Jason Cabinda may be the most interesting man in Syracuse when he arrives to play for the Orange next year. The class of 2014 prospect committed to SU yesterday and tells The Fizz¬†he felt right at home while walking through the campus.
He says no other school felt “right” for him like SU did. He’s a hard hitting linebacker and defensive end for Hunterdon Central in New Jersey, but also is fluent in French.
“Yea, my whole family is from Cameroon. I missed [being born there] by a couple months, but my mom, my dad, my sister are all from West Africa.”
The hulking 6’2″ 225 lbs 3-star product is just as intimidating in the classroom as is he on the gridiron.
“I want to major in brokerage, or finance. [One of Syracuse’s advisors] told me about a dual program with finance and communications. It would be great to do, because I’m great with people, I have good people skills. I was always good with math and I want to make money (laughs).”
It’s not too often a you hear a 17-year-old explain the finer details of life after college football. The Syracuse commit has his priorities straight.
¬†”At any given moment, [you could suffer] a knee, an ankle, a torn ACL, you got to be ready to say, ‘I got this degree in my back pocket, I’m going to be able to do this or that.’ Think about it, the average NFL career is what, 5 years? And let’s say you even do go for ten years, then you’re 31, you’re out of the NFL, what are you going to do now, you know? You still have another 30 years to work, you have to do something.”
The Fizz presents, ladies and gentlemen, the charismatic Jason Cabinda. He’s the team’s defensive captain, and also ran for close to 1,500 yards and 22 touchdown’s in the backfield last season. He’s already the fourth LB commit in Scott Shafer’s first ever full class, and has an unprecedented maturity that Syracuse coaches Clark Lea and Chuck Bullough couldn’t turn aside. The two were in contact with Cabinda briefly before offering the defensive standout in May.
“I was getting letters from Syracuse but it wasn’t really personal, until one day someone picked up the phone, and Coach Lea chatted with me that day, saying, ‘love the film, give me a call, etc.’ I gave him a called and he offered me right then and there. I was so excited about it.”
The coaches just wanted to check how much character he really had. Cabinda admits to The Fizz¬†he and his mother loved Lea, and enjoyed the family oriented feel at SU. He listened while Shafer talked about setting good examples for kids in SU’s program. Cabinda knew Syracuse was right for him. More so than some of the other contenders on his list, Boston College, Temple, and UConn.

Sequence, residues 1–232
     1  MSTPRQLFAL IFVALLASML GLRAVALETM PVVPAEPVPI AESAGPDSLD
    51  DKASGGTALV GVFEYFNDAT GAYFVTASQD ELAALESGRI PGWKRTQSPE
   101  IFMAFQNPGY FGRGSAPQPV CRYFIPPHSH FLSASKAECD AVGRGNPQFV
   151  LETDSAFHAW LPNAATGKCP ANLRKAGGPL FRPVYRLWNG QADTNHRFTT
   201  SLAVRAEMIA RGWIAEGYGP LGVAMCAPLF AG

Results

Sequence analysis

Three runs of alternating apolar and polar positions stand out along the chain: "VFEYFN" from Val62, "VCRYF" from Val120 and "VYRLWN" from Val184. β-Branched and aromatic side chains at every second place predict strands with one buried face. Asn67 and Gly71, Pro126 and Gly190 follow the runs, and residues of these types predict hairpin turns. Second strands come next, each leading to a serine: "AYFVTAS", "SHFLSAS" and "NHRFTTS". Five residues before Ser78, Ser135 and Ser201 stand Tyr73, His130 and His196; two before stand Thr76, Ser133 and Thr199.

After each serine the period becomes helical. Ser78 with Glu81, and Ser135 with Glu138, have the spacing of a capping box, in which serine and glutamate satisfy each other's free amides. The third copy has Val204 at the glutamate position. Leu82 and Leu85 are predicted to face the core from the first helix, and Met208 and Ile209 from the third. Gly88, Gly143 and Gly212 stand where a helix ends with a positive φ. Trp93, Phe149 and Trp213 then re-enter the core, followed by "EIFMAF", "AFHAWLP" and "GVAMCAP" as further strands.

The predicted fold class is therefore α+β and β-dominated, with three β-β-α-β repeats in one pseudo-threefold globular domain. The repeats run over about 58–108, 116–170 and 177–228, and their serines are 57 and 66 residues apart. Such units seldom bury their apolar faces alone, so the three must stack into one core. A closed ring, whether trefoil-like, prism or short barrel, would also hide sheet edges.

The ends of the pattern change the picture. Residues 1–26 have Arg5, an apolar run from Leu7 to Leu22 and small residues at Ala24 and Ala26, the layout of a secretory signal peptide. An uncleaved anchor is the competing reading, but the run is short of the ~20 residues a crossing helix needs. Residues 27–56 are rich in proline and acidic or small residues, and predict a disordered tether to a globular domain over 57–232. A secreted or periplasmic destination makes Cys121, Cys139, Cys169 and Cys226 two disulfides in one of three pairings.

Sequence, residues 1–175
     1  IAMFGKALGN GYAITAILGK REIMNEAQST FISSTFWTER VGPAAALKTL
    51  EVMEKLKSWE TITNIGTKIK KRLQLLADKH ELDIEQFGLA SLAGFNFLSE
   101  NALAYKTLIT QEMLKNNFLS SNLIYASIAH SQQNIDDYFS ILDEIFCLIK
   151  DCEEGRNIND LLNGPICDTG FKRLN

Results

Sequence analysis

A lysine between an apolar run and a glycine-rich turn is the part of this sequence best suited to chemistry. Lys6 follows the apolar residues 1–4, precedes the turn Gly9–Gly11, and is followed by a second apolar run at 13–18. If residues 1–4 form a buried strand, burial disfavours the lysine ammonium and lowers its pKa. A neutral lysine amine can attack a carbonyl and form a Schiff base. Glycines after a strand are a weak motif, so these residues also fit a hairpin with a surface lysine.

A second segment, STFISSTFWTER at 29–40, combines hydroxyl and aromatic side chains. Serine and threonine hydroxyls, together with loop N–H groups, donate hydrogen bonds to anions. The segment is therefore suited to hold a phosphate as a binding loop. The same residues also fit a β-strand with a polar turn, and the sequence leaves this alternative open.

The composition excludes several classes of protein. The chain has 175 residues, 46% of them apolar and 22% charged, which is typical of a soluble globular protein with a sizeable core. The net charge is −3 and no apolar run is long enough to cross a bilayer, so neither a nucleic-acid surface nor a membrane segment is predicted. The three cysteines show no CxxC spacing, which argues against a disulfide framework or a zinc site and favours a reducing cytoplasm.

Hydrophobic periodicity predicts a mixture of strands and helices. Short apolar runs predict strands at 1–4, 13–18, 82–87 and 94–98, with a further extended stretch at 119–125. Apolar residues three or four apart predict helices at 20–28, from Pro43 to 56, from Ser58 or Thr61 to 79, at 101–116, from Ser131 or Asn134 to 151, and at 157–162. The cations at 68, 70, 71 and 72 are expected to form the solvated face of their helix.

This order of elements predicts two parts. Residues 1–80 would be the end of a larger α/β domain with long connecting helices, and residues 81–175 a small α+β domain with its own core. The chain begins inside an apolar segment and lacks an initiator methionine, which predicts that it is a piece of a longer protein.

The LB says he didn’t feel like he fit in at those other campuses. He marveled at how Shafer and Lea could joke around with each other so poignantly one minute, then exude the same authority a coach would need to lead an ACC football program the next. He was also was amazed by CNY and campus during his visit two weekends ago.
“I actually love playing inside [in the Carrier Dome], I think that’s cool. The campus was great, beautiful, very clean. That’s one thing that put me off about Temple. It just wasn’t my place, it was a bit too trashy, too city for me.”
Cabinda’s a blue-collar worker, much to the delight of Shafer. And it’s not just the coaches he feels he fits in with at Syracuse. The LB talked extensively with other 2014 recruits like Zaire Franklin, Colten Moskal and AJ Long. Different chapter, same compelling story for the seven member 2014 class.
“They’re good kids, they have their heads on right, they’re my kind of guys. [We communicated] very natural, I feel like we’ve already known each other which is a great feeling.”
On the field, the LB is a powerhouse. His size makes him a force on the defensive side of the football, and he carries a load while running with the pigskin on offense. He sees holes before they open up, and uses blazing quickness to burst through the line of scrimmage. His highlights are filled with just as many gravity-defying hurdles, as there are punishing lead blocks. This is the benefit of having a 6’2″ 225 lbs mammoth in the backfield.
“My athleticism and my tenacity [are my strengths], and I think you can see that in my highlight film. I hate going down. I’ll have a couple plays where I’m pushing piles, and you can see the unwillingness to go down.”¬†
It was only coincidence he decided to announce his decision on Twitter on the same day Syracuse officially joined the ACC. He wanted to be worry-free senior year. Now it’s strictly football for the Hunterdon Central Red Devil.
The former lacrosse and basketball star at his high school will also run track this winter to build his quickness, and to take his game to the next level.
“They say in high school sports, D1 players are the ones who are able to take over games at any moment’s time, and I want to be able to do that. I want to be able to finish runs better and making everyone on my team a better leader.”
Well said, although that’s nothing out of the ordinary from the 3-star LB. SU must wait another year to watch Cabinda in the Syracuse uniform, but Orange Nation may have found it’s next defensive leader.
Posted: Kevin Fitzgerald